Leverage this

March 2, 2009 at 5:16 am (Uncategorized)

With the economy in, it must be said, the crapper, many people are paring down.  Even though we’re doing okay so far, knock wood, I’m still thinking of ways to cut back.  It just feels like the right thing to do, like the appropriate response to circumstances that are frankly, scary.  I’m already a coupon clipper, see previous post about Dad, but it would be good to actually use more of the clipped coupons, as opposed to doling them out like  special treats for the recycling pile.  My husband and I are talking about other ways to save too: canceling Netflix, getting rid of HBO, getting rid of our cleaning service.  Probably the amount we’d spend in marital counseling if we got rid of that stuff would exceed what we spend on the above, so unless the situation becomes dire we’ll hang on to those luxuries, but we’re really performing an accounting, examining our financial lives and prioritizing how we spend our money.

It struck me during mass this morning that Lent is a little bit like that.  (Today being the first Sunday of the month, my church had what would ordinarily be coffee and doughnuts after mass, but because it’s Lent, became coffee and pretzels…which kind of cracked me up.)  Anyway, you scale back, you pare down, you strip away.  It happens on every level, from the actual forms used at mass (no more alleluias until Easter!, hello penitential rite…) to the prescribed ways we deny ourselves (no meat on Fridays…not really a hardship with the quantity and quality of fish fries in Milwaukee…) to the extra sacrifices we try to make (if I could just emulate the glee with which my kids take money from their piggy banks and put it in the Habitat for Humanity box…)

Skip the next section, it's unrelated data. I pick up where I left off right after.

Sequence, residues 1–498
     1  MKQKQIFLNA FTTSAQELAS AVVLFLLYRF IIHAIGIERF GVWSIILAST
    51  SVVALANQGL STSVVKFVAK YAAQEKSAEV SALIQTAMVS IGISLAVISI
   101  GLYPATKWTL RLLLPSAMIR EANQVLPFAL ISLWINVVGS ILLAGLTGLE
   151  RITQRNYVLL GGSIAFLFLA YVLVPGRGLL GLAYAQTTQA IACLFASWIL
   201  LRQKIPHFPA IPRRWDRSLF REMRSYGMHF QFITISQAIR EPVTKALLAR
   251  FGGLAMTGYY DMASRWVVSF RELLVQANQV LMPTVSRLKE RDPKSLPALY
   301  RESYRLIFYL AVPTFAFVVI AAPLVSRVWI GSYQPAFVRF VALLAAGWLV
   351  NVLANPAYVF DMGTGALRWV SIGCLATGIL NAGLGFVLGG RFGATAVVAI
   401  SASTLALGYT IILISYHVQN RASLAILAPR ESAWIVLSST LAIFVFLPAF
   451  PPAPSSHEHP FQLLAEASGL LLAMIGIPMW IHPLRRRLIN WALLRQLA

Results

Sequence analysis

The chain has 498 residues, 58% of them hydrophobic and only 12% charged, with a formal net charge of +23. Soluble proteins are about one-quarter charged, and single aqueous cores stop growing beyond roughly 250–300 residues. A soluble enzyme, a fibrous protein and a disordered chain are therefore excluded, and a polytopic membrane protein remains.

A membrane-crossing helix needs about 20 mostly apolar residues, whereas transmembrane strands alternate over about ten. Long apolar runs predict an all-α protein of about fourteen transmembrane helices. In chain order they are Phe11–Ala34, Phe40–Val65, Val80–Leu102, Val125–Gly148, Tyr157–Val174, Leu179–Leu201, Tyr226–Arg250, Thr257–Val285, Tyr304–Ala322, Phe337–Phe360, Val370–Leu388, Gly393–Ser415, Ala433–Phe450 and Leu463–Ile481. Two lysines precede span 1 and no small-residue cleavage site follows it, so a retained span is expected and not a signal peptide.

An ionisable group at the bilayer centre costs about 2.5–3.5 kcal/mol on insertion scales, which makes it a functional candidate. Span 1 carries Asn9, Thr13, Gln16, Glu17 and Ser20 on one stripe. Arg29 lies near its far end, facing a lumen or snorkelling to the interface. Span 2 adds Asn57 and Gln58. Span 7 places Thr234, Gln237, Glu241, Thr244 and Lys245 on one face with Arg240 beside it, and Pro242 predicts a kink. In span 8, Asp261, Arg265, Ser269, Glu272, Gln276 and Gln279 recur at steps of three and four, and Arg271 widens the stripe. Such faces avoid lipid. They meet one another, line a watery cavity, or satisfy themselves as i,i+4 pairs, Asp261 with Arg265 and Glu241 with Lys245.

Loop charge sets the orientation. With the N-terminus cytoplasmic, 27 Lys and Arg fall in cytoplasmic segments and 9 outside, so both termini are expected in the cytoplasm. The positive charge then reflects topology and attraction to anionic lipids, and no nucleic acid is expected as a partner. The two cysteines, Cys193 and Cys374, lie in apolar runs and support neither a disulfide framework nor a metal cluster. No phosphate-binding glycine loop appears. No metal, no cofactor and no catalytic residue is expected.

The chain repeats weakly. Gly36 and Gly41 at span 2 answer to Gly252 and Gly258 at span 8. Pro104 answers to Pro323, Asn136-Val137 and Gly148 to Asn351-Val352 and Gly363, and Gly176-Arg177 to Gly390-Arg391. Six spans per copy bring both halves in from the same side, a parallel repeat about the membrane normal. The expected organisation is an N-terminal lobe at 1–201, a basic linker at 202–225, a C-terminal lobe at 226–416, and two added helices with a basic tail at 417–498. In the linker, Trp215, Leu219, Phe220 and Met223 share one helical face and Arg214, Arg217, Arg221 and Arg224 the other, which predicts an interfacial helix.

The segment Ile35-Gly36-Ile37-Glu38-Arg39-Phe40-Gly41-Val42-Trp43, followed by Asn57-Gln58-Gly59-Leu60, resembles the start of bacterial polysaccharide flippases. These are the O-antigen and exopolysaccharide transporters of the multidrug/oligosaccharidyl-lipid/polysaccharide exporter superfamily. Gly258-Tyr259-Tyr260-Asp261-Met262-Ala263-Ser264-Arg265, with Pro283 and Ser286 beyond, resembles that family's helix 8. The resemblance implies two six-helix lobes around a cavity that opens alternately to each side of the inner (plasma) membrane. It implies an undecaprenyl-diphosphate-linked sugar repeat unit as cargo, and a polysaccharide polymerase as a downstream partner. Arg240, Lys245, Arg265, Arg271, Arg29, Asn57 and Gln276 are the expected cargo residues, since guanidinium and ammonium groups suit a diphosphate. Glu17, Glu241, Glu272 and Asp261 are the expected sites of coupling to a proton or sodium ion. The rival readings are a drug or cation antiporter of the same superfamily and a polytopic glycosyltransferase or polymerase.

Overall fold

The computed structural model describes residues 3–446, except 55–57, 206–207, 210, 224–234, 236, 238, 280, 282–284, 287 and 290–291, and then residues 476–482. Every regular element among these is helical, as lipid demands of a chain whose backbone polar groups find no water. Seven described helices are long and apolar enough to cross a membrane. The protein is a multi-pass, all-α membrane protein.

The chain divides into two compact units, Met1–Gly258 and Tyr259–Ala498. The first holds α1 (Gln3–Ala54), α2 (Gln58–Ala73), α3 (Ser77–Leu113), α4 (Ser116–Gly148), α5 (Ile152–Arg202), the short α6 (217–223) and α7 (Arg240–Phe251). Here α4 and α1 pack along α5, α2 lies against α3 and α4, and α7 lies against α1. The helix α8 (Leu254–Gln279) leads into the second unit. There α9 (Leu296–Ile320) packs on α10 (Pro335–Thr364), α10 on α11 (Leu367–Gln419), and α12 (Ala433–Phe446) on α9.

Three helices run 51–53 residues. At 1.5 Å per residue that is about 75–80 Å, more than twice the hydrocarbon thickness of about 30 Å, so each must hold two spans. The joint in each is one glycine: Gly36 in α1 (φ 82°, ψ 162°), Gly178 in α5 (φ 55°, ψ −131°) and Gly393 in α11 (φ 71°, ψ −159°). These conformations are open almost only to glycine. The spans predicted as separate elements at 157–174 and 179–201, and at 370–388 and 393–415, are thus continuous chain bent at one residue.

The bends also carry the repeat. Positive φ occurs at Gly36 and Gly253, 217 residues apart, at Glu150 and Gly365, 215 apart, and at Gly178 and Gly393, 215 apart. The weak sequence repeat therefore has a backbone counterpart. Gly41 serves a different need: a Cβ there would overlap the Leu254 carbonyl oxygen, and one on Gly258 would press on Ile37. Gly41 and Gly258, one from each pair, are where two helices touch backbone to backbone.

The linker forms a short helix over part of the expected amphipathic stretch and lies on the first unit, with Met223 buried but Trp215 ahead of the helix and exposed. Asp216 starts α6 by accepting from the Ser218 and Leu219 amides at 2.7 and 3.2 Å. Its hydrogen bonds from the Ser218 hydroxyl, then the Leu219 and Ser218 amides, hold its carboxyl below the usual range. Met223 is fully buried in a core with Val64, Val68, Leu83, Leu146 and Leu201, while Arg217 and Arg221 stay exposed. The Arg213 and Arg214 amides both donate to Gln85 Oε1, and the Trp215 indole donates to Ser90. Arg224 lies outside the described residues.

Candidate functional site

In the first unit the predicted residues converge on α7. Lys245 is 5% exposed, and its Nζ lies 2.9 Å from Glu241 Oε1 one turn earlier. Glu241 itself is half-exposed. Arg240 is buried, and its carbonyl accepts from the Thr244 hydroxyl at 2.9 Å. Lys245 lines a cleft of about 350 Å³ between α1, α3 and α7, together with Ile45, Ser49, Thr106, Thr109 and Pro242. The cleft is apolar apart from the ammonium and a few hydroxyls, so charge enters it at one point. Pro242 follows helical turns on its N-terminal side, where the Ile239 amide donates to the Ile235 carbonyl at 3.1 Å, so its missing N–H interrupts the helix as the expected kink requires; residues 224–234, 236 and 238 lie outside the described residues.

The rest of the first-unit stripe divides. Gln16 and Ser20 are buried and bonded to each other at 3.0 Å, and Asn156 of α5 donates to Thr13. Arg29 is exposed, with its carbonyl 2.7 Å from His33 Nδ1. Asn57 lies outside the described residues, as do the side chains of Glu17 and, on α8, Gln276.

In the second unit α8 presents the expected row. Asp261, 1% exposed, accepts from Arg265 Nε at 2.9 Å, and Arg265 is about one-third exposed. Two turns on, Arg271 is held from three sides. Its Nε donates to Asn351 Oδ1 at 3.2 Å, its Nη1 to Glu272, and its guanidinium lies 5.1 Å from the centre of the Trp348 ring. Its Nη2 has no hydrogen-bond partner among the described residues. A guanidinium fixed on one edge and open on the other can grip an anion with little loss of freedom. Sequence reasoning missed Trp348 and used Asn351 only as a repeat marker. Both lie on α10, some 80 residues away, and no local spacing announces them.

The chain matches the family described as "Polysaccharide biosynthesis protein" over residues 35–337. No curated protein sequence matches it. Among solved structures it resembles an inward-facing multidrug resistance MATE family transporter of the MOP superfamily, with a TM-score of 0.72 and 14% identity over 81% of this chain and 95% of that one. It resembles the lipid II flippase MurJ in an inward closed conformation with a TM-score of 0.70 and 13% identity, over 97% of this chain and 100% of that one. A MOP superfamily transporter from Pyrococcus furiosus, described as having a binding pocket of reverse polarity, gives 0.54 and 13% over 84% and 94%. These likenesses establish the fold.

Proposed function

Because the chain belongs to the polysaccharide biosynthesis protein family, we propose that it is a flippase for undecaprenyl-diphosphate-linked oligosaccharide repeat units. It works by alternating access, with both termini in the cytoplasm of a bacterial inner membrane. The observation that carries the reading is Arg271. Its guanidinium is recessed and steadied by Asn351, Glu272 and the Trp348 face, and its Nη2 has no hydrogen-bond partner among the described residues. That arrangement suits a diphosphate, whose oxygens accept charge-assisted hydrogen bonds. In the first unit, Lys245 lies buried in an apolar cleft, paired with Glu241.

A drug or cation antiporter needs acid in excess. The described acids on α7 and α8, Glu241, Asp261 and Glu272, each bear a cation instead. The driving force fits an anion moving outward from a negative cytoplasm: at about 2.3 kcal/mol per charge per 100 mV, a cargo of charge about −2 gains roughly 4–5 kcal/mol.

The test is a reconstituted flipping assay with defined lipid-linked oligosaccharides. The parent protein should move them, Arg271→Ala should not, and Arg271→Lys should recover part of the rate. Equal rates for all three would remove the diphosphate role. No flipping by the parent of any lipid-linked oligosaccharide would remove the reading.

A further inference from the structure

And what are you left with when you pare down to the essentials?  Well, um, the essentials.  As it turns out, it’s a pretty good idea to take a look at the books every once in a while.  Saves trouble later.



  1. New Mama said,

    Well, we just subscribed to Netflix a few months ago for the first time, we don’t have cable TV, and I would give a kidney for a cleaning service (well, not really, since the thought of cleaning up for the cleaning service is enough to give me a nervous breakdown). We’re pretty scaled back by necessity. And although I find this economy terrifying, absolutely terrifying, the *one* nice thing is seeing people scaling back and trying to be less wasteful.

    • batsinthebelfry said,

      We just got cable this past fall after many, many years without it. And once we’d gotten cable, it was an easy slide down that infamous slope to get HBO too. We started with the cleaning service when I was working part-time at the court and kind of got into the habit. I honestly think, no, I know, that having the cleaning service improves my marriage.

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